וכי תמכרו ממכר לעמיתך או קנה מיד עמיתך אל תונו איש את אחיו
And if you sell something to your neighbor, or buy something from your neighbor's hand, you shall not defraud one another (Leviticus 25:14)
Rashi explains that this refers to monetary oppression. Below (Leviticus 25:17) it is written: "You shall not wrong one another" (ולא תונו איש את עמיתו), and Rashi explains:
Here the Scripture warns about verbal oppression, and the Scripture therefore writes: "and you shall fear your G-d" (ויראת מאלהיך) because He knows that which is given over to the heart.
And it is a wonder that on this verse: "and if you sell something to your neighbor or buy from your neighbor" (וכי תמכרו ממכר לעמיתך או קנה מיד עמיתך אל תונו איש את אחיו), the Midrash says (Leviticus Rabbah 33:1):
This bears on the text (Proverbs 18:21) "Death and life are in the power of the tongue" (מות וחיים ביד לשון וכו').
Thus, the Midrash, unlike Rashi, understands the first verse to refer to verbal oppression. However, this interpretation is untenable, because the Scripture explicitly refers in this verse to an act of purchase or of sale.
But it appears to our master that the Midrash meant to explain why the Scripture writes "וכי תמכרו ממכר" (and if you sell something that is sold) when it would have been more appropriate to write "וכי תמכרו דבר או חפץ" (and if you sell a thing or an object) inasmuch as the word "ממכר" applies only after the object has already been sold and not before. See the interpretative rules of the Malbim. One could also ask why the Scripture did not write the conjugated form "תקנו" (you will buy) parallel to "תמכרו" rather than the root form "קנה" (buy) (i.e., וכי תמכרו ממכר לעמיתך או תקנו מיד עמיתך). The Midrash therefore explains that with this golden expression the Torah wanted to inform us of a great precept, which is that if the buyer knows that the seller is selling because he is in financial distress and must sell his belongings, the buyer should not take advantage of the seller's distress and pay him less than the usual value of the object. Similarly, if the seller knows that the buyer very urgently wants his merchandise, he should not raise the price unduly.
Now if the seller is forced by circumstances to sell his belongings, then the belongings may be considered as if they had already been sold to anyone willing to pay even a nominal price for them. (And see the words of our master about this in poroshat Mishpatim on כי תקנה עבד עברי.) That is why the Scripture says "if you sell something that is sold" referring to the object sold as "ממכר," i.e., something that has already been sold because of the distress of the seller. Similarly, the Scripture writes "או קנה מיד עמיתך" (or buy from the hand of your neighbor) using the root form to show the urgency of the purchase, because the buyer is willing to buy even before he reaches a fair bargain with the seller and is willing to pay whatever price he is asked by the seller. It is concerning such a situation that the Scripture warns "do not wrong each other" (אל תונו איש את אחיו), do not conduct yourself guilefully with your neighbor.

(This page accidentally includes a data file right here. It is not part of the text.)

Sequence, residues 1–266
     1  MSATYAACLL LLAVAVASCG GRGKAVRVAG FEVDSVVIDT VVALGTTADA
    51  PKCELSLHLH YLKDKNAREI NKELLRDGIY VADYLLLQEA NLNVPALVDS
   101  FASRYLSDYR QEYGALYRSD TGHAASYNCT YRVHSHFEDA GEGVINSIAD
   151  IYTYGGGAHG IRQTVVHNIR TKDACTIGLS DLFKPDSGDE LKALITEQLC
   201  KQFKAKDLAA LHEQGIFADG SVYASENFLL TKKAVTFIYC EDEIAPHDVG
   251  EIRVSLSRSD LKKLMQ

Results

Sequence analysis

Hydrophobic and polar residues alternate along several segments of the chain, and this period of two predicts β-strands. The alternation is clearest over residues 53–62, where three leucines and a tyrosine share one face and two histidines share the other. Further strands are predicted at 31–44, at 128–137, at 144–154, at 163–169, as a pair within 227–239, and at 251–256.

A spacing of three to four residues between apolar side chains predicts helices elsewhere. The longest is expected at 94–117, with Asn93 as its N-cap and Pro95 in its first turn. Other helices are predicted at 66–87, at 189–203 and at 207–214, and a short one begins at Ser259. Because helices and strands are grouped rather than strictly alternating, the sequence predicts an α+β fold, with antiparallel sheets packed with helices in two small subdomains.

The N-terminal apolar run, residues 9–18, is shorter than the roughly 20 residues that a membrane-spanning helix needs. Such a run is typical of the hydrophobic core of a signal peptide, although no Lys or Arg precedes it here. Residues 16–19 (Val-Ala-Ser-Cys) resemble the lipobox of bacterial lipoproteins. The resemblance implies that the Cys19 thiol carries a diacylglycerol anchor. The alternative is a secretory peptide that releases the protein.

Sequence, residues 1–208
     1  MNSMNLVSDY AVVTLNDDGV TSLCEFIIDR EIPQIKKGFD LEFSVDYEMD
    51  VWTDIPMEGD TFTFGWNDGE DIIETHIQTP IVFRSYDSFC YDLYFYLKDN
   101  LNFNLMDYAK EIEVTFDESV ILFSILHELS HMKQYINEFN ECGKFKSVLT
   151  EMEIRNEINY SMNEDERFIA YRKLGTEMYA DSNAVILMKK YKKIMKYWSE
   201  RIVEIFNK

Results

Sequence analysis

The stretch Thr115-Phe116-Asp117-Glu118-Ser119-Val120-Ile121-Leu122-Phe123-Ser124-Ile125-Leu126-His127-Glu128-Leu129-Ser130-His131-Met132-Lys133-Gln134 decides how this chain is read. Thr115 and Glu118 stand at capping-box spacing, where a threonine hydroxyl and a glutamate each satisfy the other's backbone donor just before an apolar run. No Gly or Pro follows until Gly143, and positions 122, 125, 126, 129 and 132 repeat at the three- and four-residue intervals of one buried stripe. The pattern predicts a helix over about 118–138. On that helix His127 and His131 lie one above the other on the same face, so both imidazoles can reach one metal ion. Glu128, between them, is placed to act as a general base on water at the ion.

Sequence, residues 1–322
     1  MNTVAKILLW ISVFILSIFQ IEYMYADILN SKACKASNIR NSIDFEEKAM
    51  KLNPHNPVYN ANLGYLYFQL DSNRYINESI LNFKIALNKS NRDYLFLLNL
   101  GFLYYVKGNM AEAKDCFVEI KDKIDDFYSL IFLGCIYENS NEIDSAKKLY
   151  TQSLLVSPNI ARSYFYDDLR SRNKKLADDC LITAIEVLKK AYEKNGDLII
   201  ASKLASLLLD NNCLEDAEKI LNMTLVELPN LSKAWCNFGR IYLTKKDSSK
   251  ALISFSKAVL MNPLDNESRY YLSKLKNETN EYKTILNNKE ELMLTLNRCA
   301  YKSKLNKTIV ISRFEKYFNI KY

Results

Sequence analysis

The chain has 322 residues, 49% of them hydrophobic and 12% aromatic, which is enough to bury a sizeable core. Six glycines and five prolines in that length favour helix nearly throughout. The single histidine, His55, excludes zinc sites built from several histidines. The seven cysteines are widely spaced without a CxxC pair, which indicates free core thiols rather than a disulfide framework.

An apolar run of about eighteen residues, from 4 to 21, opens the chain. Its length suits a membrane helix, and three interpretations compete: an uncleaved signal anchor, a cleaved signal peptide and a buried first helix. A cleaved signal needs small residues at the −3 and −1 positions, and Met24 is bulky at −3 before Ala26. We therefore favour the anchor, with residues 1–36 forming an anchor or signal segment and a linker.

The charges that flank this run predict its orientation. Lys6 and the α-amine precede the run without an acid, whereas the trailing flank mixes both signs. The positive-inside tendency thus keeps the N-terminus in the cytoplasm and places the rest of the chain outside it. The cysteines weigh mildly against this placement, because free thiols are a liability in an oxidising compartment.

Now the Talmud discusses (Bava Kamma 7a) one who has houses, fields and vineyards, but cannot sell them. The Talmud asks how it is possible that he is not able to sell them, and the answer given is that since the seller is desperate for cash, the price of his property is depressed. This indicates that by divulging his financial distress to others, he has caused the value of his property to fall. So it is to such a situation that the Midrash is referring when it says that life and death are under the control of the tongue, for if a person is careful to guard his tongue and not to divulge his financial distress to anyone, what he is trying to sell would not be considered to have already been sold before he sold it.
והארץ לא תמכר לצמיתות כי לי הארץ כי גרים ותושבים אתם עמדי ובכל ארץ אחוזתכם גאולה תתנו לארץ
The land shall not be sold forever; for the land is mine; for you are strangers and sojourners with me. (Leviticus 25:23)
And it may be questioned why this verse appears here. Does this entire chapter not speak about the sabbatical year for the land? And our master says that this verse also suggests the law of the sabbatical year, by telling us that the land may not be sold in perpetuity so that it would be tilled constantly. Rather, all the land belongs to the Eternal, and you are just strangers dwelling upon it. You are merely sojourners for as long as I desire it, and you may work the land for only six years, but on the seventh year, the land will enjoy its sabbath.